Set against the background of the early 1990s, Chasing the McCubbin is a story of loneliness and the ageless desire for belonging. The debut novel from Melbourne author Sandi Scaunich, it will be one of the most heartbreaking yet feel-good novels you will read this year.
The Pines, an outer Melbourne suburb down on its luck. A country in the grip of recession. Experienced collector Ron senses new possibilities: swift evictions provide hard-rubbish to scour and garage-sales have doubled. There's only one problem: since losing his wife, Ron has struggled to navigate the suburbs alone. Plus, his deteriorating health slows him down.
This all changes through a chance meeting with Joseph, a troubled, withdrawn and unemployed 19-year old who knows nothing about antiques. As Joseph comes to understand and appreciate Ron's world of eccentric bargain hunters, and hopefulness, his ability to navigate a history of family violence and to see a future for himself grows. Both come to share the wild dream of finding a rare bargain such as an original Frederick McCubbin painting and making their fortune. So begins an exhilarating adventure and an unlikely and beautiful friendship.
About the author
Sandi Scaunich has worked extensively in government and non-government organisations, as well as an academic and tutor across three Melbourne universities, in the fields of anthropology, public health and gender equality. Her writing has appeared in various online blogs, academic reports, as well as The Age newspaper. When not writing, hunting for second-hand bargains or spending time with her husband, children and Pesca the Kelpie x, she works as a Diversity and Inclusion Consultant. Chasing the McCubbin is her first novel.
Chasing the McCubbin
Transit Lounge Publishing
Author: Sandi Scaunich
Interview with Sandi Scaunich
Question: What originally inspired the idea of Chasing the McCubbin? Sandi Scaunich:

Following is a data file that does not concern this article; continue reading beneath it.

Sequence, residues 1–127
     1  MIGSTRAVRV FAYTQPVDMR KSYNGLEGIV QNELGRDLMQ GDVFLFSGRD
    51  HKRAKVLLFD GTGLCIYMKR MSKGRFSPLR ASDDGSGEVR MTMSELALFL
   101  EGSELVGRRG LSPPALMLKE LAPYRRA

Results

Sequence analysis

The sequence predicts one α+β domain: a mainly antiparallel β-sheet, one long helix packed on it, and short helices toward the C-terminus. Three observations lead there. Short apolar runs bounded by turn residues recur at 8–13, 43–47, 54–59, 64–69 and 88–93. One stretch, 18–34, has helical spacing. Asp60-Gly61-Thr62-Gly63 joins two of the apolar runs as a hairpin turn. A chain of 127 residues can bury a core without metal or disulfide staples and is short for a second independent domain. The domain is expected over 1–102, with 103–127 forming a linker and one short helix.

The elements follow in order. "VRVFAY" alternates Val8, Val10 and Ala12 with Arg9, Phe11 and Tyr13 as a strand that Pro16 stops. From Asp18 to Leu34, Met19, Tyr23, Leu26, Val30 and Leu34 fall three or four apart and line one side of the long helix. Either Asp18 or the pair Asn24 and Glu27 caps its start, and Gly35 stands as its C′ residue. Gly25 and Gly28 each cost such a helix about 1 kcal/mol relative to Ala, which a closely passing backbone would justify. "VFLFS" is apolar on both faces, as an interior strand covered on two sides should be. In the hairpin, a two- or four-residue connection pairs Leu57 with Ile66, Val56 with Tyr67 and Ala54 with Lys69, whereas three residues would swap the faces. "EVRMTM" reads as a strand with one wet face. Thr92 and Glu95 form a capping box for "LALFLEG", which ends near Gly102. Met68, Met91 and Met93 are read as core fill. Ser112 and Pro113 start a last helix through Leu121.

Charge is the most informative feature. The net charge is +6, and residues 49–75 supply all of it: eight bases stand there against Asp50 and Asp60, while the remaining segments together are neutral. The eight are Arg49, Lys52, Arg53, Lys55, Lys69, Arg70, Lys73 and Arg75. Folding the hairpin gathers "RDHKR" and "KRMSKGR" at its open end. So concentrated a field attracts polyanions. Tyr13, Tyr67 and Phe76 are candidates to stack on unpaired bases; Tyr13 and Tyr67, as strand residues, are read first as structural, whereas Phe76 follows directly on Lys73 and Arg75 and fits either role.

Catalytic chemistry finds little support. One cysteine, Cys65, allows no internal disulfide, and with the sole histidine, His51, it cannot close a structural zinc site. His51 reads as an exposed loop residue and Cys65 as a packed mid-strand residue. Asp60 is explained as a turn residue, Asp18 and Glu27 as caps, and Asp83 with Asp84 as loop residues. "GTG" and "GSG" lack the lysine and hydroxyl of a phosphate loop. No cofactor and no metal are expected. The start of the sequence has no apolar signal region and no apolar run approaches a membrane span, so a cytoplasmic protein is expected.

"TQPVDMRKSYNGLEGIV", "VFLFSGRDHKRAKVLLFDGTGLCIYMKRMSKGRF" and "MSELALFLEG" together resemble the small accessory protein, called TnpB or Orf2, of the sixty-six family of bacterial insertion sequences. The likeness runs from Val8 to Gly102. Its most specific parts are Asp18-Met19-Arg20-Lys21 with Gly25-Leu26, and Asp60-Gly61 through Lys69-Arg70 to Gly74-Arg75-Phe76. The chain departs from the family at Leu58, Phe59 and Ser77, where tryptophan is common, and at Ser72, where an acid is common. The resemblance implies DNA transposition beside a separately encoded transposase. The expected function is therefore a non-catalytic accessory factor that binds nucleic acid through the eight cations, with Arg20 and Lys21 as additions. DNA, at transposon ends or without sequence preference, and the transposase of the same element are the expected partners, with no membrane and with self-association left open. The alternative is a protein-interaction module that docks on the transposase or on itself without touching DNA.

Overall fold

Sandi Scaunich: My parents, really – they've been 'pickers' my entire life. A few years ago, I accompanied my dad on his usual Friday picking rounds for the first time. (For the uninitiated, this is when collectors door-knock at addresses to advertise upcoming garage sales. The aim is to get in early and snap up bargains!) At one point, as we were circling the suburban streets, I asked Dad why he did it – picking. It was an obvious, simple question, which, strangely, I'd never thought to ask. Without hesitation, he replied, matter of fact, 'Sand, we're all out chasing the McCubbin.' And at that moment, I knew I was going to write a book. I had the title before the story!
Question: What did you learn, about yourself, whilst writing Chasing the McCubbin?
On a practical level, I learnt that writing a novel is a skill that requires practice, patience and self-kindness. I soon discovered it was an emotional journey! Packed with insecurity, doubt, and rejections, but (thankfully!) eventual satisfaction, elation, excitement and a profound sense of achievement.
In Chasing the McCubbin, I wanted to feature the intersecting themes of poverty, unemployment, rigid gender roles, class, isolation, stigma and belonging. Which actually was a transformative experience for me. Through Ron, Joseph, June and Leonie, I felt the lived impacts of these issues, which affected me on a deeper, more profound level. To me, these characters lived and breathed; I wasn't expecting to feel such an enormous attachment. Question: